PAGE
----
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The Texas and Southwestern Cattle Raisers Association, with head

quarters in Fort Worth, Texas, is a cattle producers organization which

is composed of approximately 14,000 members, living principally in the

states of Texas and Oklahoma.

We appreciate the opportunity to present the position of Texas and

Southwestern Cattle Raisers Association today at this hearing, in regard

to the rate policies under the Packers and Stockyards Act, and recom

mend eliminating regulation of rates and charges.

We understand that one of the principal aims of the Packers and Stock

years Act, as passed in 1921 and now amended, is to make certain that

livestock producers selling livestock at public markets receive reason

able services and facilities for a just and nondiscriminatory charge. It

should be noted that when the Packers and Stockyards Act was passed

in 1921, there were only approximately 75 stockyards in the entire United

States, as compared to the present number of over 2,000 posted stock

yards regulated under the Packers and Stockyards Act.

It is obvious

that these markets are far more competitive with one another than in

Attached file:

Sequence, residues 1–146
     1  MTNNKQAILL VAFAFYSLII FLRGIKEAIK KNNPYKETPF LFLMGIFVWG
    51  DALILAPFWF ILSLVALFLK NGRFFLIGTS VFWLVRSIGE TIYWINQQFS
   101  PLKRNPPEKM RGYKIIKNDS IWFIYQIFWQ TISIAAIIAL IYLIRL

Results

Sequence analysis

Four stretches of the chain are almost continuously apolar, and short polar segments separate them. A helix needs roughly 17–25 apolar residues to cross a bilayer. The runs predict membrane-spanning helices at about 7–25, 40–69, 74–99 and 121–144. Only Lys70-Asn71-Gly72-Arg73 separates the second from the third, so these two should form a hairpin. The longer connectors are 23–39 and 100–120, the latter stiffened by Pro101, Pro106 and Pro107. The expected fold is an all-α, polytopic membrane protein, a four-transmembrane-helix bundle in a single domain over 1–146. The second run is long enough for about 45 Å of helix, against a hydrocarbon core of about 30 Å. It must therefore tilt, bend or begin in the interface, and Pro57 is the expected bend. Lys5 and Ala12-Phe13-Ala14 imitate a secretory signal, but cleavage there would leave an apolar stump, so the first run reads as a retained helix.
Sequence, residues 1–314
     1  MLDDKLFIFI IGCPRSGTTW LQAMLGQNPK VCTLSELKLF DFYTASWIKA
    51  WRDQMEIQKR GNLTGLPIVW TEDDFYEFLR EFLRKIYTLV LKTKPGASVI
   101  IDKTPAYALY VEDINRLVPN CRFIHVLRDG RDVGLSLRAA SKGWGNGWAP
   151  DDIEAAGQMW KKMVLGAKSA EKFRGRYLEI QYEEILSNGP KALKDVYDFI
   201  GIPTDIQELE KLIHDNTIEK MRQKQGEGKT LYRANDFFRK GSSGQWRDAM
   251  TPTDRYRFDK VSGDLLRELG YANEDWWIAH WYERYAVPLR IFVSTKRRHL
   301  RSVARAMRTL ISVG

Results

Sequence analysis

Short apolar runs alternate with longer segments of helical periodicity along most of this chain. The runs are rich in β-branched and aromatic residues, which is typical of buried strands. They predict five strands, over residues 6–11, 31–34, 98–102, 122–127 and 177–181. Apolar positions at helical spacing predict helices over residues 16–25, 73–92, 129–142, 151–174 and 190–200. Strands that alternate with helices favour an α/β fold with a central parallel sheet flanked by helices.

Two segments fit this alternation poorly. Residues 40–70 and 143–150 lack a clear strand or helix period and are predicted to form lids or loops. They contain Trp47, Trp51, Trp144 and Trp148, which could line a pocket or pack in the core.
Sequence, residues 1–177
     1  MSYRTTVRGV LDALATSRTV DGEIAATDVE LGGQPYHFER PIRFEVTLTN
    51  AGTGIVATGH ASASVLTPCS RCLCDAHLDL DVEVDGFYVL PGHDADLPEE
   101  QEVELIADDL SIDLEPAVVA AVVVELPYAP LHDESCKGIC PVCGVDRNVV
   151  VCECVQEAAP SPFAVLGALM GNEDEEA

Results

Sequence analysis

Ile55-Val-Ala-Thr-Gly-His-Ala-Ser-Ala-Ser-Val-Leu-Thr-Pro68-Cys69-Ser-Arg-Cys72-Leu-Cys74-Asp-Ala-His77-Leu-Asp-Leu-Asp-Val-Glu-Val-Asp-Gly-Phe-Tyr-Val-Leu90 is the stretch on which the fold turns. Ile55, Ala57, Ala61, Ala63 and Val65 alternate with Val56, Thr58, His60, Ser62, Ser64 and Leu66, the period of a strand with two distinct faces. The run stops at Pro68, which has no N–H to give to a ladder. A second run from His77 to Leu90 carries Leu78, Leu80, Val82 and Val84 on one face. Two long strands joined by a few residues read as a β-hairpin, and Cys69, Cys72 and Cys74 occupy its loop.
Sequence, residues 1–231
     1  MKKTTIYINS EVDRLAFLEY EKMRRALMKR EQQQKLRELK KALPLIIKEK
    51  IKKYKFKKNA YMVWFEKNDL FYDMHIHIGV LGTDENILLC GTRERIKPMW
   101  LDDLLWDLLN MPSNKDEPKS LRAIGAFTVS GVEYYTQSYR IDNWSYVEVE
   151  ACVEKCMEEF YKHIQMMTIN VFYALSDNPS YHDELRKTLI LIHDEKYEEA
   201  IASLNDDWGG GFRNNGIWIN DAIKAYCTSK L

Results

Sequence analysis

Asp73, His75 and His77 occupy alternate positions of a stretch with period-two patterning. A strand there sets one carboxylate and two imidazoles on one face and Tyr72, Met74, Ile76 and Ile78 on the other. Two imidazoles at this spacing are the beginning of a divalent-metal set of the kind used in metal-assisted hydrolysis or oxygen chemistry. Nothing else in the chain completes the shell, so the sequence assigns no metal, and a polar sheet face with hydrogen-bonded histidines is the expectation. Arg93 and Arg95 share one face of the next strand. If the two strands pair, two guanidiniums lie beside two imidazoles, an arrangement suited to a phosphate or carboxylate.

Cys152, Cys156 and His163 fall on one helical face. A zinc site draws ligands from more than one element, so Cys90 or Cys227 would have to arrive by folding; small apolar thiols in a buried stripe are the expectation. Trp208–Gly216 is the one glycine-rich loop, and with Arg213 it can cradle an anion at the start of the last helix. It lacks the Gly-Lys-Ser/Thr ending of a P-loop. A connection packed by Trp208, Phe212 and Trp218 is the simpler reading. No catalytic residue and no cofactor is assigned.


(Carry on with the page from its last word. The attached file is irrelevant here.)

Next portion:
1921; yet, the rate-making procedures have not been changed. Reliable

data now indicates that today, livestock markets handle less than 45

percent of all livestock volume and merchandising transactions. This

strongly suggests that the monopolistic tendencies which brought about

the Packers and Stockyards Act no longer exist and rate regulation is no

longer required.

As further evidence of the keen competition existing in the livestock

marketing sector of our country, there are presently over 14,000 regis

tered livestock dealers and a variety of other means are available to

producers in marketing livestock by order buying firms, cooperatives,

and through direct sales to packers and feedlots. These alternatives

are all in addition to marketing through the posted livestock market or

stockyard as we know it.

The policy of Texas and Southwestern Cattle Raisers Association

generally stands upon the prinicple of reducing Government intrusion

into the lievstock business.

We believe the Packers and Stockyards

regulatory people can use their time and direct their energies and re

sources more productively in other areas of their regulatory duties if

freed of the time-consuming responsibility involved in setting rates and

charges and adjusting them periodically for the more than 2,000 posted

markets in our country.